Balochistan is the largest and the most

precarious province of Pakistan. Along with

cross-border Iranian Balochistan-Sistan

province, it is the homeland of the Balochi

people, whose territory has been divided by

the national frontier. Through occasional

insurgency acts, Balochi strives for regaining

their independence from Islamabad, which has

been exploiting the province in economical,

material, and social senses. The violence of the

state, manifesting itself as negligence, induced

Balochs to engage in ‘illicit’ – though commonly

acknowledged and tolerated by the state -

practices. Informal trade, border smuggling,

and human trafficking - have become some

of the few ways to survive in the economic

misery of this desertic land. Effectively, the

intertwinement of inner local urgencies with

outer (geo)political conditions determined a

very particular local means of how to get by.

The research, therefore, positions itself in a

multi-disciplinary scope, deriving not only

from spatial domains such as architecture or

urbanism but also, even more importantly, from

various social sciences such as ethnography,

sociology, anthropology, and politics. Hence, the

sources of the paper comprise trans-disciplinary

works, often operating on the edge of the above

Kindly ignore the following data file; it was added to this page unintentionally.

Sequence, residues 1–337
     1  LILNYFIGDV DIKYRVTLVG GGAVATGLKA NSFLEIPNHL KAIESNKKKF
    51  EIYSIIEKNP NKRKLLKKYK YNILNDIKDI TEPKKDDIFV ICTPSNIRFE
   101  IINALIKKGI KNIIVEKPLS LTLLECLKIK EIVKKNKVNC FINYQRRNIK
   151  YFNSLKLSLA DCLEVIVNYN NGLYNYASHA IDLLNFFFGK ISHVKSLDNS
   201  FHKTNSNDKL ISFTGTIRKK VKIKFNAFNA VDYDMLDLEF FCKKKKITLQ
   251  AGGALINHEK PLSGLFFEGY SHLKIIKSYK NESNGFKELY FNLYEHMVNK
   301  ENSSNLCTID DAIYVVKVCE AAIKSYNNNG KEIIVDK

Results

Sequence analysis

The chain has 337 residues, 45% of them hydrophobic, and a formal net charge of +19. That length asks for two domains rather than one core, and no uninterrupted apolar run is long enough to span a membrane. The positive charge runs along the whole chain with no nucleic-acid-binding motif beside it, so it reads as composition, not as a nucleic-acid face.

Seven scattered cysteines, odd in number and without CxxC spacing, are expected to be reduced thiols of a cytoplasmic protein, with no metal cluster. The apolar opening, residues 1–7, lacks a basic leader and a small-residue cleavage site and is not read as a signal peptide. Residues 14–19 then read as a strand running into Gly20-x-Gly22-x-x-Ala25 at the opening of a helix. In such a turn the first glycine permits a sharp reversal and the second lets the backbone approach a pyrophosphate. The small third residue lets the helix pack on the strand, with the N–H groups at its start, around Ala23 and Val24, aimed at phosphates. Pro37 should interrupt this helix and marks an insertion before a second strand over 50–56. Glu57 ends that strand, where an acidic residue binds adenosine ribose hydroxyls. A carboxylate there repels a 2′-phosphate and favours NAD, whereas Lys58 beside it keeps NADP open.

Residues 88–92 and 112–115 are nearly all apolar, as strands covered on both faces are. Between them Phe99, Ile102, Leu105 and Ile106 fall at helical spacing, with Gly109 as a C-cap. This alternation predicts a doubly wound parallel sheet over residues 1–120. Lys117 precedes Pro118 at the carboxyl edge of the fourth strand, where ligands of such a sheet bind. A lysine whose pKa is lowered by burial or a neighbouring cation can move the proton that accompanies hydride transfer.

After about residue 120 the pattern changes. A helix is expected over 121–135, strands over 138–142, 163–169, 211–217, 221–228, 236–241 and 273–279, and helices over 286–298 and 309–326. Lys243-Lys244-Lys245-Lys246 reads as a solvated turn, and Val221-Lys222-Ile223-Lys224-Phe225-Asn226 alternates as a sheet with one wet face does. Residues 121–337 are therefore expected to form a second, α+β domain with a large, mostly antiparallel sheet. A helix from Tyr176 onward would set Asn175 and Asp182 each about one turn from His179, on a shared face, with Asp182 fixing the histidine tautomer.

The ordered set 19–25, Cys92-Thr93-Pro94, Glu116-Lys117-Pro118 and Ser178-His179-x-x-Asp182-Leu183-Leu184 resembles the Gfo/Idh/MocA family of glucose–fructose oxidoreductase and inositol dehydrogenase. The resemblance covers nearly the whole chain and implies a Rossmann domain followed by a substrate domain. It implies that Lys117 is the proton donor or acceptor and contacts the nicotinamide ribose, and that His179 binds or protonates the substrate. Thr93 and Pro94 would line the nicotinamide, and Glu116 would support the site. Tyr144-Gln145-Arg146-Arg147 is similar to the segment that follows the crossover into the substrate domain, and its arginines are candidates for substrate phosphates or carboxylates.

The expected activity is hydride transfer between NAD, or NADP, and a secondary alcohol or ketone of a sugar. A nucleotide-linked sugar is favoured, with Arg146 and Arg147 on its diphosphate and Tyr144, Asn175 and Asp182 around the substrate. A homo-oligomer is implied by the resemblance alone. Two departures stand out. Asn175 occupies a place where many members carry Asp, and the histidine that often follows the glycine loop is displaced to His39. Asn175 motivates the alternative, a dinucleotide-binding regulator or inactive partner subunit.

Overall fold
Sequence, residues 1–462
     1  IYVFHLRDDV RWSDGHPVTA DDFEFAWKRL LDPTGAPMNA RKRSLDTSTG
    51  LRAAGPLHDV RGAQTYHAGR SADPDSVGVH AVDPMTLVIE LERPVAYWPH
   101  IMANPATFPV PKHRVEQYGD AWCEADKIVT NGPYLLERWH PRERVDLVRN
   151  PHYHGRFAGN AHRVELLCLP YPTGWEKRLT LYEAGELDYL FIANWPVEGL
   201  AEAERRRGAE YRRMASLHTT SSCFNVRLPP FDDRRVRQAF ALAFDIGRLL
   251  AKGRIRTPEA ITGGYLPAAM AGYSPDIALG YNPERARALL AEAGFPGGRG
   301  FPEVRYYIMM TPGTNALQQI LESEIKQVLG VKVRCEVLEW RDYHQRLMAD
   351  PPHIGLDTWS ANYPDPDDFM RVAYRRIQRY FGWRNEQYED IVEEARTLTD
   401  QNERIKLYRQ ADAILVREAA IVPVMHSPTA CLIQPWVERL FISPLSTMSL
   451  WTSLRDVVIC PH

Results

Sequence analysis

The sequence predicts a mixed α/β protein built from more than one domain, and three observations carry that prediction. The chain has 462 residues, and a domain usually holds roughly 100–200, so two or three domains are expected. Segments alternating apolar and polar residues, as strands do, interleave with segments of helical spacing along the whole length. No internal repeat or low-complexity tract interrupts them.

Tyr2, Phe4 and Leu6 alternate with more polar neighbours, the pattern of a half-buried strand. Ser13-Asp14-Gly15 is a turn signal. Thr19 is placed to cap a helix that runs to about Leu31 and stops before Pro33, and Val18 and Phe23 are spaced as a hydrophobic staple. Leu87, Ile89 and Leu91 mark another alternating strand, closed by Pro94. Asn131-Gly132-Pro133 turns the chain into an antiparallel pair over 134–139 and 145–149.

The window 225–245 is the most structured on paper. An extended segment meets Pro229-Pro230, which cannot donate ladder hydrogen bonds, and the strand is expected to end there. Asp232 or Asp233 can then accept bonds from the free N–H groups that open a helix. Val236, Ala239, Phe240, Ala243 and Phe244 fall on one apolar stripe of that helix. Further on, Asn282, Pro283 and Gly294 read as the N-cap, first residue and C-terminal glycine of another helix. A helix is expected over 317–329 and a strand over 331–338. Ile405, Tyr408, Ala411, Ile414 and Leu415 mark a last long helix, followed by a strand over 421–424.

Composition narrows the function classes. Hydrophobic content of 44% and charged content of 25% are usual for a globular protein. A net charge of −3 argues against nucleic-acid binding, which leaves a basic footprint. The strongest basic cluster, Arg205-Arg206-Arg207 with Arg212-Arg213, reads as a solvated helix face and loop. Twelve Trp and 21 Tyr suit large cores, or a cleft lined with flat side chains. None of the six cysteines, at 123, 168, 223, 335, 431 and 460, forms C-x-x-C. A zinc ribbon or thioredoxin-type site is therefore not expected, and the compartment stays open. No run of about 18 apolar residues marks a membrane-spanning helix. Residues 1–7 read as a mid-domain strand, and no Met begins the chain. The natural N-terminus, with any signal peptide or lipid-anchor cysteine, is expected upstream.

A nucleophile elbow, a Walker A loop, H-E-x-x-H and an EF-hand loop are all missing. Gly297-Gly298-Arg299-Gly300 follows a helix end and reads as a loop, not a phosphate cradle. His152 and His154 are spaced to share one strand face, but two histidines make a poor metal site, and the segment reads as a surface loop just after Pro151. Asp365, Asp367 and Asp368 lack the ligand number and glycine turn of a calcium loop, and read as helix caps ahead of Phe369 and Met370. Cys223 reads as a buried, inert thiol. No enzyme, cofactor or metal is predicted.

disciplines as well as include diverse media

types such as books, official reports, online

articles, Instagram posts, or YouTube videos.

Keywords:

Balochistan, smuggling, informal trade,

Balochi, Iran-Pakistan border

This research aims to investigate the

phenomenon of smuggling as well as various

kinds of border infrastructures that have

been perpetuating fluxes across the Iran -

Pakistani national border. The paper will

begin with recognizing the socio-economical

context in which the Balochistan province

is situated. The proper research will start by

examining the physicality of the infrastructure

body understood by its material means. On

the other hand, less tangible, fluid kind of

‘infrastructures’ will be examined afterward –

the ones understood as abstract yet functioning

systems of interests, dependencies, exceptions,

and special relationships that perpetuate around

local actors: smugglers, animals, state(s) agents,

various (often independent) law enforcement

groups.

Eventually, after effectuating this ‘verbal

mapping’, the overall condition of border fluxes,

with special attention to its infrastructure(s),

will be conceptualized in the theoretical